R&D can be defined as “a work to resolve scientific or technological uncertainty aimed at achieving advancement in science or technology”.
It’s estimated that about 6,500 or more small or medium-sized companies claim tax credits for R&D and approximately 37% of these companies increased their R&D budget as a result.
In the case of a company that is making a profit is entitled to claim a more generous relief as a deduction from its overall corporation tax bill. Large companies have a different scheme.
- First and foremost a company should be paying corporation tax to qualify for making an R&D tax claim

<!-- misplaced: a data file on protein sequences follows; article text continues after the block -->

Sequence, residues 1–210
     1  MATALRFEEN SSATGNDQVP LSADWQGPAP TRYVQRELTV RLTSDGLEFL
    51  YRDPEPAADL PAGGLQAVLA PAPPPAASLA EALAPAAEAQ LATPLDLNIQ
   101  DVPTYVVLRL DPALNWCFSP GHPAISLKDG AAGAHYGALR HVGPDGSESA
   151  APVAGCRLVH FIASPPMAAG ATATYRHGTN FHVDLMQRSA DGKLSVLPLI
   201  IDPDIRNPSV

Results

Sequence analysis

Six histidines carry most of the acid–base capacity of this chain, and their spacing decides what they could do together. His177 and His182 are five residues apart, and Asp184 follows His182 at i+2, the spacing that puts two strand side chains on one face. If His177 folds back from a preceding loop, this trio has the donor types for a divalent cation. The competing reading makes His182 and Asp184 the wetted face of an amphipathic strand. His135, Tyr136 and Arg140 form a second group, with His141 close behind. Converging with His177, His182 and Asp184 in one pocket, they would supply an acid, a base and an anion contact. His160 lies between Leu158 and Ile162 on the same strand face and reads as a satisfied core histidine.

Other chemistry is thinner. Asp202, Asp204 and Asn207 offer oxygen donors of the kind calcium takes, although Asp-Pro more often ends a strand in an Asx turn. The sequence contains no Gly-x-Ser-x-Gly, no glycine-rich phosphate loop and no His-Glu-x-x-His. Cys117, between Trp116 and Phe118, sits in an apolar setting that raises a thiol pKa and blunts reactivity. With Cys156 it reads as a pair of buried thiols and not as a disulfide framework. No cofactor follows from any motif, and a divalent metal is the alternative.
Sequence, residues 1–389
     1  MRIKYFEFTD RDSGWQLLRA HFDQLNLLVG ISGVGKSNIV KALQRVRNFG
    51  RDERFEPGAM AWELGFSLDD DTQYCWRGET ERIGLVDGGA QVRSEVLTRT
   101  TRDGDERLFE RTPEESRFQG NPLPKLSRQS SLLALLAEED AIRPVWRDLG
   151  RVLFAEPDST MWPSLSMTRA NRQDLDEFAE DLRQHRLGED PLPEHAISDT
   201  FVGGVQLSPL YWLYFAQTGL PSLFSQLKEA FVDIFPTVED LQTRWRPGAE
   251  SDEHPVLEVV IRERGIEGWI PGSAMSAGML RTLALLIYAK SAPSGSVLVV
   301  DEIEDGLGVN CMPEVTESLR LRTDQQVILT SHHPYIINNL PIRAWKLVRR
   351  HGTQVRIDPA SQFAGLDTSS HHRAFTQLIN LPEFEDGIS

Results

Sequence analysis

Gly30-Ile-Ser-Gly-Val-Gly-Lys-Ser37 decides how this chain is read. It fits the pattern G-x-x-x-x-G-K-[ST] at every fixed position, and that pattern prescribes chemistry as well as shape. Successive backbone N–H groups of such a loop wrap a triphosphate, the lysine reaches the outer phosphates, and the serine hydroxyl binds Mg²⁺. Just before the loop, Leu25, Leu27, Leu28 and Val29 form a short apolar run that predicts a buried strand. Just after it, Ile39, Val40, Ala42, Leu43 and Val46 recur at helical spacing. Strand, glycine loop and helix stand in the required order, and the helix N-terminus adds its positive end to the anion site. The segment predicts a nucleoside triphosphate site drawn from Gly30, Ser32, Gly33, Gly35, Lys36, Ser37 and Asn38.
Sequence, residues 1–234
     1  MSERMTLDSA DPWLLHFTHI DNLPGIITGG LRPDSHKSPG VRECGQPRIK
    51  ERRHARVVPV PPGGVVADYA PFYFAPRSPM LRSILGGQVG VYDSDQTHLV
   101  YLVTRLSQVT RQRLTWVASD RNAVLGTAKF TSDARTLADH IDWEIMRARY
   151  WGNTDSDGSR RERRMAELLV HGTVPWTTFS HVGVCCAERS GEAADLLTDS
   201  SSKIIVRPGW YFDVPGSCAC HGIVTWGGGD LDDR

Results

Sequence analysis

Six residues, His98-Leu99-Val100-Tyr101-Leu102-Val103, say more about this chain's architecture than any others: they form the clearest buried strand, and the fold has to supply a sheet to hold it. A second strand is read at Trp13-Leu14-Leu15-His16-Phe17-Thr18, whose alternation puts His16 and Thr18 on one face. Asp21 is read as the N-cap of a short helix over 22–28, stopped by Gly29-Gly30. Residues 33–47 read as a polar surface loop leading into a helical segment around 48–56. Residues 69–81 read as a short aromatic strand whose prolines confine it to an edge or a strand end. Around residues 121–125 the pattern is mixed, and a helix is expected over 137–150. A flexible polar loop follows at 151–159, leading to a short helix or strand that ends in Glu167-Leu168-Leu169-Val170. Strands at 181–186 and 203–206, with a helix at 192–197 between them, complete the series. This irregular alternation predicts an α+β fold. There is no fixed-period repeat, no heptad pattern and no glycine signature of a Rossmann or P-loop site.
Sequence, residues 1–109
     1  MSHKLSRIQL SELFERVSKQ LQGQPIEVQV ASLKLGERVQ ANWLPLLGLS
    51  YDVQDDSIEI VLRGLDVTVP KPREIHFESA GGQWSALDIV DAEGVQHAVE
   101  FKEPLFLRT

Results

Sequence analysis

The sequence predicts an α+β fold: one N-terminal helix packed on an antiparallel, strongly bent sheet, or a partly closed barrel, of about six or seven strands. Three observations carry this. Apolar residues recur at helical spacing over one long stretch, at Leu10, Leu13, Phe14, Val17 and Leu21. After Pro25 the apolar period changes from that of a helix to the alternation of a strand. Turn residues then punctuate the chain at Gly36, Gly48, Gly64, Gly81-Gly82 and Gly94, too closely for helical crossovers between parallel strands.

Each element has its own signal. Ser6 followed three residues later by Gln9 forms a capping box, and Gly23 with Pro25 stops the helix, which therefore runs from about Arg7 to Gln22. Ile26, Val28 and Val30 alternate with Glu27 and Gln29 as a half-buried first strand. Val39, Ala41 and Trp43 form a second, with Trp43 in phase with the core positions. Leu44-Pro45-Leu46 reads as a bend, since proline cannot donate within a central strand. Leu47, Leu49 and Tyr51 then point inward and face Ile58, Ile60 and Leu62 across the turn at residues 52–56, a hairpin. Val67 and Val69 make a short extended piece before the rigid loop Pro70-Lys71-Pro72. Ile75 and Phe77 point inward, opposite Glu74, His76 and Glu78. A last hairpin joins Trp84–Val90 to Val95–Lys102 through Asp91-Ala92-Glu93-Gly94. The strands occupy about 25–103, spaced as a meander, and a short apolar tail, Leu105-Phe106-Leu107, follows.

- The R&D tax credit cannot be claimed by a sole trader, partnership or any other body that does not pay corporation tax
- A company should be a going concern and the latest accounts should have been prepared under the going concern basis
- The accounts must indicate a positive trend and shouldn’t give any signs of not being able to continue in business meaning company shouldn’t solely rely on the R&D tax credits to survive
- A claim may only be claimed for revenue expenditure (premises costs and wages)
- Capital expenditure can’t be included (though there is a separate capital allowance for R&D)
R&D revenue expenditure:
- Expenditure for cost incurred by employing staff
- Expenditure for paying an agency for workers directly involved in R&D activity.( extended to allow cases when additional parties provide workers)
- Expenditure for consumable and transformable materials used in R&D work
- Expenditure for power, water, fuel and software etc.